Arnold Friberg was an American illustrator and painter noted for his religious and patriotic works. He is perhaps best known for his 1975 painting The Prayer at Valley Forge, a depiction of George Washington praying at Valley Forge. He is also well known for his 15 "pre-visualization" paintings for the Cecil B. DeMille film The Ten Commandments which were used to promote the film worldwide and for which he received an Academy Award nomination. He has been admitted as a lifetime member of the Royal Society of Arts. He also did a series of paintings depicting scenes from the Book of Mormon for Adele Cannon Howells, the Primary President of The Church of Jesus Christ of Latter-day Saints.
When the Friberg's arrived in Utah, Arnold was asked to commemorate a centennial event by recreating on canvas the first pioneer Sunday school taught by Richard Ballantyne. Delighted with the painting, Adele Cannon Howells, the Primary President of The Church of Jesus Christ of Latter-day Saints wanted to commission Friberg to create twelve paintings depicting the Book of Mormon for The Primary's published magazine called The Children's Friend. Financing for taking on such a project was an obstacle as there was not enough in the budget of the magazine to cover the cost of an artist, nor would the church supply any funding. Therefore, Howells funded the project herself by selling her own land. At the time, reproductions and special editions were printed and sold, however no one knew these paintings would have so much impact that the Church would decide to put them in all copies of the Book of Mormon. They also caught the eye of Hollywood scouts searching for an artist for Cecil B. DeMille's epic motion picture The Ten Commandments.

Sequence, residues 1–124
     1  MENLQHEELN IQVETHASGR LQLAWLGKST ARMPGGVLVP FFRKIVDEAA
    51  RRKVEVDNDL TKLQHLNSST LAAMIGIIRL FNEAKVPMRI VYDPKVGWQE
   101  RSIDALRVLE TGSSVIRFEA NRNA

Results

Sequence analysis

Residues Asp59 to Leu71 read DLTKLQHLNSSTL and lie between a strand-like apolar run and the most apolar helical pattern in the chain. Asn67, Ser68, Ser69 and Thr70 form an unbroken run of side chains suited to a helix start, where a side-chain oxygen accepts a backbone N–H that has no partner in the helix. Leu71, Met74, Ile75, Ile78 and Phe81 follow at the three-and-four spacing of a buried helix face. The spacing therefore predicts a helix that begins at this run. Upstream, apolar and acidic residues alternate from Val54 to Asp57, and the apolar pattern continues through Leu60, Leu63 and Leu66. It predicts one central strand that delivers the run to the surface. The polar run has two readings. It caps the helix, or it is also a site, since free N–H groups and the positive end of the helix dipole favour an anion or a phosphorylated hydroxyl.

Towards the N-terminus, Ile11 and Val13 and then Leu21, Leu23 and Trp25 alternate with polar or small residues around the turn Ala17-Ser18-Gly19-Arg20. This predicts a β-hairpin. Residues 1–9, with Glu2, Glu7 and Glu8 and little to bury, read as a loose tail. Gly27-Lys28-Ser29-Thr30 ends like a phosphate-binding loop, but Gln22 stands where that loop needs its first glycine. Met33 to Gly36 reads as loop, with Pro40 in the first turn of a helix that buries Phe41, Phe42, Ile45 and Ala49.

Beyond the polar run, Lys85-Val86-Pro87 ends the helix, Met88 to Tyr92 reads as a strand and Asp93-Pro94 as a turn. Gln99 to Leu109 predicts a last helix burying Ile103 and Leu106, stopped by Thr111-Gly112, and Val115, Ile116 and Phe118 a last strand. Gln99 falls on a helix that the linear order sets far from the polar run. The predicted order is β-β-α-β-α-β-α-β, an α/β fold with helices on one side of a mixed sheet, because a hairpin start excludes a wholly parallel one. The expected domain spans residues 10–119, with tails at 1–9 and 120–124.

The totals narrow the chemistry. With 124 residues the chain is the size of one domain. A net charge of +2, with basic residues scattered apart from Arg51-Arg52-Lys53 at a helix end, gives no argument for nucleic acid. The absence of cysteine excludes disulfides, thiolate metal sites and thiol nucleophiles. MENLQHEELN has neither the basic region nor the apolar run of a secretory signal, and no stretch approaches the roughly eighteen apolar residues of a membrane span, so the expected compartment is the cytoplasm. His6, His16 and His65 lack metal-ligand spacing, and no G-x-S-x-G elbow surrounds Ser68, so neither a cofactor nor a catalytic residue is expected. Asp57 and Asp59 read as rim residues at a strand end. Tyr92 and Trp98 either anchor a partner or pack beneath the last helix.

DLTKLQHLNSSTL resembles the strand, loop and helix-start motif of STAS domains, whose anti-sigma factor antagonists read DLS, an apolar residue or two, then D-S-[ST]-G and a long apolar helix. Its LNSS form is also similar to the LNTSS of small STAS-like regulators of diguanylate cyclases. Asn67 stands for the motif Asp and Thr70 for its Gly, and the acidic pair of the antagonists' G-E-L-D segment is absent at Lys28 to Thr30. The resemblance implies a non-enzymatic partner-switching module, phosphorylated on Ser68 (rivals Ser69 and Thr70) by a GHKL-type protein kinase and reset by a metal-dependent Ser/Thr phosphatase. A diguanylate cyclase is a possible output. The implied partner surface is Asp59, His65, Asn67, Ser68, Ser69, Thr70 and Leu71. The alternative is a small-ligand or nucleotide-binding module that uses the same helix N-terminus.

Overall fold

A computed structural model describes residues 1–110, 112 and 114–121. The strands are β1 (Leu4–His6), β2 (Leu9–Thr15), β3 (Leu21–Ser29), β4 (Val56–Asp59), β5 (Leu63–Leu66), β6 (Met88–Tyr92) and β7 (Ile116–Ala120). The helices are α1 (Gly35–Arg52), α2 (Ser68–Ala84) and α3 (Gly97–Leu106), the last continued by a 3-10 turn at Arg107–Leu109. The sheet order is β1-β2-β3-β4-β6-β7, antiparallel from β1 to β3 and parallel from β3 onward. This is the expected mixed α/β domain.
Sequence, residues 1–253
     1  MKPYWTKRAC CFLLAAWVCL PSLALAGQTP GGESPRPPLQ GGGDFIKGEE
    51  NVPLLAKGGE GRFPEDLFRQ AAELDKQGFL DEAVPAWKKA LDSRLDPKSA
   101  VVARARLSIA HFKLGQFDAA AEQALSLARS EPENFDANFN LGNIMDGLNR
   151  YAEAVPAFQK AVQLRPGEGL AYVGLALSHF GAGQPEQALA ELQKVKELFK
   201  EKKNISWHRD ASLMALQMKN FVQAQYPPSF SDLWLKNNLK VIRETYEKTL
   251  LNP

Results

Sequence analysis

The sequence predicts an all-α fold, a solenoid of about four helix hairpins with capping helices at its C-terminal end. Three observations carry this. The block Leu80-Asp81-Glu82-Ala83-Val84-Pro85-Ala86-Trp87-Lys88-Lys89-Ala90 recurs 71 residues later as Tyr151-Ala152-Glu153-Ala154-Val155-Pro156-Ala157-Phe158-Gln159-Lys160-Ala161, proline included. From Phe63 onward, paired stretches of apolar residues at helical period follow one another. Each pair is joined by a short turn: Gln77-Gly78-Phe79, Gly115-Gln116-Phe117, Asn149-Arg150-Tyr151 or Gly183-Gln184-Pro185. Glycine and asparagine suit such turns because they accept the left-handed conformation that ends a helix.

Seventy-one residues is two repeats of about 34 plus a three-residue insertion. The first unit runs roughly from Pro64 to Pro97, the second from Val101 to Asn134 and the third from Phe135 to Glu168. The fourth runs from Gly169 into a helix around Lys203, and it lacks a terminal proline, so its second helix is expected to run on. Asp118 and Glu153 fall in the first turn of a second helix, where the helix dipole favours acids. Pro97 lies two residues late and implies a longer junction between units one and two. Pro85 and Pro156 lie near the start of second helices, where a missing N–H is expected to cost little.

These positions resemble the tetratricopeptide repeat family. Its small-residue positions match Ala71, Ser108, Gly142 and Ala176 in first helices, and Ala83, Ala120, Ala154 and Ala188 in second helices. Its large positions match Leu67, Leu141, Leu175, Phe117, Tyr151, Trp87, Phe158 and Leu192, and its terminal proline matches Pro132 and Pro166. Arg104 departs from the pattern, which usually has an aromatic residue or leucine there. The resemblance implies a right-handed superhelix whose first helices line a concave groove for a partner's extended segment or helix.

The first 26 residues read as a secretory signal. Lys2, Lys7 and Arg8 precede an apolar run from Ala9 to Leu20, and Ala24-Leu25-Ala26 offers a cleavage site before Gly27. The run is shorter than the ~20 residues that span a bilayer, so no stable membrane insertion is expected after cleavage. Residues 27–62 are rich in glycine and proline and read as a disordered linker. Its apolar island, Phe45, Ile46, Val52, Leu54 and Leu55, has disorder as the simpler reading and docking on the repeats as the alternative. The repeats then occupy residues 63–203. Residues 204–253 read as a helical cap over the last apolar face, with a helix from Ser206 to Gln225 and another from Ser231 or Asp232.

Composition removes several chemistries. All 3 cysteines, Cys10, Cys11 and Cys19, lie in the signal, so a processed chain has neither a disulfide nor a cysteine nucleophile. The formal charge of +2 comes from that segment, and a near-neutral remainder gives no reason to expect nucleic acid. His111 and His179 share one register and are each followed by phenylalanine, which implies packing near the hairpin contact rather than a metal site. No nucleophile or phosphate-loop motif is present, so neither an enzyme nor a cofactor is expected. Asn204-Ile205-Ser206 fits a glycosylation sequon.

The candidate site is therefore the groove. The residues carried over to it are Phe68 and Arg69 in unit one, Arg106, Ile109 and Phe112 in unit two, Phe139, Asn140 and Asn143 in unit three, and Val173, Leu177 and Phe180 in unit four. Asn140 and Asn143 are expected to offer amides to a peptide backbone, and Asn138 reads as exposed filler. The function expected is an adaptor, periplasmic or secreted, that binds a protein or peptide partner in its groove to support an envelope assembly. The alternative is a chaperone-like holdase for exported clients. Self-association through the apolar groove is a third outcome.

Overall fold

"I never had to take an aptitude test, I always knew what I wanted to do, Art". Mr. Friberg described himself as a storyteller. "That's all I've ever wanted to do, that's why I went into illustrating." Mr. Friberg passed away in July 2010 in Salt Lake City. "Art to me is a service, to bring enrichment to people's lives. That's why I want my art to be perfectly understood. One of the things I work for is clarity. That doesn't mean hard-edged forms, but clarity of the picture: what time of day, what kind of lighting, where it is."